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Going For Gold: How Building an Eco-Friendly House led to LEED Gold

Posted on 04 May 2011

By Susan Goldstein

In October of 2005, a perfect storm descended on North Haven—the high tide of a full moon, a nor’ easter coming in from New England, and the remnants of a hurricane arriving from the south. While basements near water are now wisely prohibited by FEMA law, our Sag Harbor Cove house, built more than fifty years ago, had a basement. It flooded, and water rose two inches above the first floor, leaving us with irresolvable mold problems. The only solution? Total renovation.

But somewhere in that storm was the proverbial cloud with a silver lining. While at first I planned only to build a light-filled, modern house, I soon decided to aim higher: to build a house that would meet the LEED standard of the U.S. Green Building Council, which promotes the design and construction of high-performance green homes. In that way, I’d not only improve my property but also do something environmentally friendly.
What’s more, serving on the Save Sag Harbor committee and being involved with the Group For the East End made me very aware of Sag Harbor’s preservationist concerns. I realized building an eco-friendly house would help me do my part in upholding them. My renovation project turned into a challenging five-year adventure that’s about to come to a rewarding close, and I will be able to live in my beloved Sag Harbor home for half the year.

By a stroke of good luck, the architect/engineer I had already chosen, Dominick R. Pilla, was LEED-accredited. Together, Dom and I planned a home that was energy-and water-efficient, with locally reclaimed and sustainably harvested raw materials—a home that would put a minimal amount of stress on the environment. To my delight, we were able to find other local designers and crafts people who shared our vision and carried it out, among them Richard Kissane Builders, landscape architect Tony Piazza, the SRK pool company, designer Richard Mervis and cabinetmaker Will Paulson.

Now, photovoltaic solar panels on my new flat roof convert the sun’s energy into electricity. They produce some or all the power we need in summer for the household and pool. In winter, when we use the house less, we will have an excess of power. It will be fed into the power company grid, and I’ll earn “credits” on my bill.

Solar thermal panels heat the water for our faucets and our pool, which thanks to systems from SKR we clean without using any chemicals.
We limited the area of conventional turf and favored planting in shaded areas, and we used drought-tolerant non-invasive species for ground cover on 40% of the lot. They will be irrigated with harvested rainwater stored in underground cisterns and “grey water” from the dishwasher, washing machine, sinks and tubs. (Since we don’t produce enough grey water to make it cost-effective to recycle for other uses, we get drinking water from a town aquifer).

The heating and cooling is managed through a very efficient geothermal system that uses the constant temperature of the earth rather than outside temperature as the exchange medium. A ground source pump heats the water for radiant heat (through the floor) while providing cool air for cooling. Though the system is initially costly, energy savings make up the difference in less than a decade, and the system won’t need replacing for many years.
Since windows account for about a quarter of all heat gains and losses, we built overhangs, installed argon-filled double-paned windows with low-E coating that keeps such gains and losses minimal, and used insulation that provides nearly twice the barrier that code requires.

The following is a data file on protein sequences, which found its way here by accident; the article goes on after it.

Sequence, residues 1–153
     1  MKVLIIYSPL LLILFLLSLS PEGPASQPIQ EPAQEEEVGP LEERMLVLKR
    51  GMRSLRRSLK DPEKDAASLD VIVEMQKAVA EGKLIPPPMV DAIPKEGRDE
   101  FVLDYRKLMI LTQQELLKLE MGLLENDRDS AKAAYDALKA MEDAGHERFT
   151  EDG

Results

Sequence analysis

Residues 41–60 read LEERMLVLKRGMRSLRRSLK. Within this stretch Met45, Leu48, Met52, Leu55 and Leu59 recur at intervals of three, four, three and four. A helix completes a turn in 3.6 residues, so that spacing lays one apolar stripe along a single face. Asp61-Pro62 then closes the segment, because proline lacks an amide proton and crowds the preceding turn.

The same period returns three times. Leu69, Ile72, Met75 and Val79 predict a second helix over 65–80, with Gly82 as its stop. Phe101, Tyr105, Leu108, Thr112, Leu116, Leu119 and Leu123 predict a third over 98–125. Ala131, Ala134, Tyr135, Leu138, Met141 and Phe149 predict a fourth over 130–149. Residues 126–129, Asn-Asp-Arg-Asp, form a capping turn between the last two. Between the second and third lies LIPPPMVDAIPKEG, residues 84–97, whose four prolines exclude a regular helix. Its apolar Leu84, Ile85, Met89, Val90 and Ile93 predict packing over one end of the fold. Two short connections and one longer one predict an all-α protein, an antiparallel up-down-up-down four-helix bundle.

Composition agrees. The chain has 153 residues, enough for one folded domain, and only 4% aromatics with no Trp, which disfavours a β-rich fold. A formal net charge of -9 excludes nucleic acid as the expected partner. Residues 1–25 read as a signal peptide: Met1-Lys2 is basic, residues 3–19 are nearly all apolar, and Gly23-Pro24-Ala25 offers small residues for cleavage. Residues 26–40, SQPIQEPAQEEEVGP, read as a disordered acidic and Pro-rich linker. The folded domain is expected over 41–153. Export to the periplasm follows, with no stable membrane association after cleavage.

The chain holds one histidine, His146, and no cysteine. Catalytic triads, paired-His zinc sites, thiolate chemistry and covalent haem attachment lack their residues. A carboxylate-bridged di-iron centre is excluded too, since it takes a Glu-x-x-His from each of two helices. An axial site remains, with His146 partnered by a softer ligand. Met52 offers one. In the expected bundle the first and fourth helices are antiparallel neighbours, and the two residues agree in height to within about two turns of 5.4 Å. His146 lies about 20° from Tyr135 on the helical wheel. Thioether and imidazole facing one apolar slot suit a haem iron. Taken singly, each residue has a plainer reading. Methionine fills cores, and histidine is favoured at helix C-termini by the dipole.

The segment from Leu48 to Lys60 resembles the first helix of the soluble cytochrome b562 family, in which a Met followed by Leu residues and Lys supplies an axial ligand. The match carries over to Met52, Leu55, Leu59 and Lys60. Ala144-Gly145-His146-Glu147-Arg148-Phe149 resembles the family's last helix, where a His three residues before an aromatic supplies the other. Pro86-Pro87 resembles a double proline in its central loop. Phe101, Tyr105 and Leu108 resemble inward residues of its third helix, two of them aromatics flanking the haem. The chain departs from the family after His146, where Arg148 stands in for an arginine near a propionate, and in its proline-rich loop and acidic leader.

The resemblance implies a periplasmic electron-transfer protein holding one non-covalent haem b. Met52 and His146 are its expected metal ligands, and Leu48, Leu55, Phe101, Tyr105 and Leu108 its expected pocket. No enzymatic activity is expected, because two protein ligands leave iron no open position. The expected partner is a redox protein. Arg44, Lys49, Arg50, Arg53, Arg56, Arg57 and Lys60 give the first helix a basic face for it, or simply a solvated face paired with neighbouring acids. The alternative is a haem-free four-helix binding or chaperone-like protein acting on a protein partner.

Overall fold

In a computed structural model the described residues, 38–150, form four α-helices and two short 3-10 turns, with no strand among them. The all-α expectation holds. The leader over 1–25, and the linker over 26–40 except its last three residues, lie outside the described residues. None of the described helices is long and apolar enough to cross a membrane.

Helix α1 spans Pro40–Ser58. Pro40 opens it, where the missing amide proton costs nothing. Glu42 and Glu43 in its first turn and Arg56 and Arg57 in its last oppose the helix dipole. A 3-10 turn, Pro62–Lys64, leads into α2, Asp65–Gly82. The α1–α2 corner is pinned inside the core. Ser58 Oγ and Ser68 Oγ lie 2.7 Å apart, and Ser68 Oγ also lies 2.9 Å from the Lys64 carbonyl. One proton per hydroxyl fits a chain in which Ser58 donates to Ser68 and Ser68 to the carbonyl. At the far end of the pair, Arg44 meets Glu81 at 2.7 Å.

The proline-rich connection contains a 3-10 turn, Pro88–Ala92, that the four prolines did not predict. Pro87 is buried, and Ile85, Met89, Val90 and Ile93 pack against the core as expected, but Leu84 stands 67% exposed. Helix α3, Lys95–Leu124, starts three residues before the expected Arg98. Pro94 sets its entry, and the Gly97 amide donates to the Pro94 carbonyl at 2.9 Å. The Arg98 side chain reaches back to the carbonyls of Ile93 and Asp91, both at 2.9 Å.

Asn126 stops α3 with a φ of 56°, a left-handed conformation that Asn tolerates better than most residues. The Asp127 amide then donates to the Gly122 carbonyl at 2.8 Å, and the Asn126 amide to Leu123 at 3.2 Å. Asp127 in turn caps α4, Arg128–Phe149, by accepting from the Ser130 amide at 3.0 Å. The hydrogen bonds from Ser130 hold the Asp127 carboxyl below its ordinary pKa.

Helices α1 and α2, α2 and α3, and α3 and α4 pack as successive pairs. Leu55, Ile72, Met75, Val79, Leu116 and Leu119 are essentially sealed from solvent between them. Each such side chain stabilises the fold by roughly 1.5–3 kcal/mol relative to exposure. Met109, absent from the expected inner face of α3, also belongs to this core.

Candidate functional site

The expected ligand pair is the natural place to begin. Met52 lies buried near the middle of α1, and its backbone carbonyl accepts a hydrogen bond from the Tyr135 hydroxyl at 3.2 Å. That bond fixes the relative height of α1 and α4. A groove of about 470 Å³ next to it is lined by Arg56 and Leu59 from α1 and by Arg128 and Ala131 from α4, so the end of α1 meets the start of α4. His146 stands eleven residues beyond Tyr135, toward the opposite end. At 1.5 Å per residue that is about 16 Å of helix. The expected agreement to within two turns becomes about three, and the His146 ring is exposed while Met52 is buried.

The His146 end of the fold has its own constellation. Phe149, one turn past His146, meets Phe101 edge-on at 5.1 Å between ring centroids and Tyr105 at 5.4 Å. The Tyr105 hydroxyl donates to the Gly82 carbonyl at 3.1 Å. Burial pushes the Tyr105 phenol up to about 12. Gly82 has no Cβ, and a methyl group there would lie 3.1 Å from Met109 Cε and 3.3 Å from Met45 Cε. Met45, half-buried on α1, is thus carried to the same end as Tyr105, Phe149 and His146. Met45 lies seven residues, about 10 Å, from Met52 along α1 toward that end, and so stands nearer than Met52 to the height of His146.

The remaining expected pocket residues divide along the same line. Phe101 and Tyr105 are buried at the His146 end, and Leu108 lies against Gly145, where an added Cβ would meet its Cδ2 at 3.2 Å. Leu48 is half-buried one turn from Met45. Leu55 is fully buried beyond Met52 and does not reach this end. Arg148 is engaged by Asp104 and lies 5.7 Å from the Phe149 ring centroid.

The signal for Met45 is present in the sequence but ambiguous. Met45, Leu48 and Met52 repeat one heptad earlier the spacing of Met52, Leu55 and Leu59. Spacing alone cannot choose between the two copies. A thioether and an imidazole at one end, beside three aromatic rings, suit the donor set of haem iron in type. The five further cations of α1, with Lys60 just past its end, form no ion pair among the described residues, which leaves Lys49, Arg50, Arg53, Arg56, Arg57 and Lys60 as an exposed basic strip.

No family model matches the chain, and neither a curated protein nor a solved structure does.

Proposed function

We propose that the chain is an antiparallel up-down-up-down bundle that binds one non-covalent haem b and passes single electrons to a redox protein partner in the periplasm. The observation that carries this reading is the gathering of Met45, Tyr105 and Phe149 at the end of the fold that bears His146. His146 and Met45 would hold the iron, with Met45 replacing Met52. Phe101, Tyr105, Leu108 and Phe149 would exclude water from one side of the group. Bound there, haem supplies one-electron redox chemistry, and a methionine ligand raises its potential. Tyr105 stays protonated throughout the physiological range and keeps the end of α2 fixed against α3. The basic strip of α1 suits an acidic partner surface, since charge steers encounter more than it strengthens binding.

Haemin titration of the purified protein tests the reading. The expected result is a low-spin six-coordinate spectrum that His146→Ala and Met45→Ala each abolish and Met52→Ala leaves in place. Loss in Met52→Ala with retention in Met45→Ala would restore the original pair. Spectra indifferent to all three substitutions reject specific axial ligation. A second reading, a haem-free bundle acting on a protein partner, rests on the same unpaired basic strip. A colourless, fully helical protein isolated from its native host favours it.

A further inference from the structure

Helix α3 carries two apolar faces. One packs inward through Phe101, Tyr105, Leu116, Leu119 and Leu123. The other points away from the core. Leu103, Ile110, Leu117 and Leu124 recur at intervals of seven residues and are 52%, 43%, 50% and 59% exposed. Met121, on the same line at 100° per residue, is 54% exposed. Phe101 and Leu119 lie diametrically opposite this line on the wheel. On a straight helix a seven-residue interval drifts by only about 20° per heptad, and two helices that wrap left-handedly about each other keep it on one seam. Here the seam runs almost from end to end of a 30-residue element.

Of course we used only Energy Star appliances, low-flush toilets, and other environmentally friendly equipment and material, right down to the glue.
The design strategies, which were the most interesting and fun for me, were also eco-friendly. For example, we rebuilt on the existing foundation, installed bamboo floors, used soy-based insulation, and used reclaimed cypress for siding. While “recycled” items and products must be destroyed so the parts can be scavenged, we tried instead to work with “reused” or “reclaimed” items and products.

These are generally in their original form, though minor repair and replacement may be necessary, and you can’t always be certain of the results. For example, once the cypress siding was dried, installed, sanded to remove nail marks and rust drippings, and then coated with an eco-friendly product (to keep its integrity), it wasn’t precisely the color I’d have chosen, but I was happy to make the trade off. You also have to work with limited quantities. I fell in love with a small amount of mindfully engineered French oak flooring with which Richard managed to decorate two large rooms downstairs. I’m overjoyed about the stair treads, coffee and dining room table, statues and benches that Will is creating out of two beloved but failing cherry trees that for years I’d kept standing with a system of cables. He knew just how to cut those trees so they’d serve various uses and continue to be part of our daily lives. To be LEED-certified, you have to earn a certain number of points on a rating system. If you surpass the minimum, you can achieve a silver, gold, and even platinum level. I am proud that we now qualify to apply for a gold.

I started this project to do my part in preserving our world and to show others that it can be done. An increased demand for eco-friendly materials, designs and systems should help drive prices down, and that would make it possible for still others to participate. It’s my hope that my dream home inspires others to pursue similar dreams of their own.

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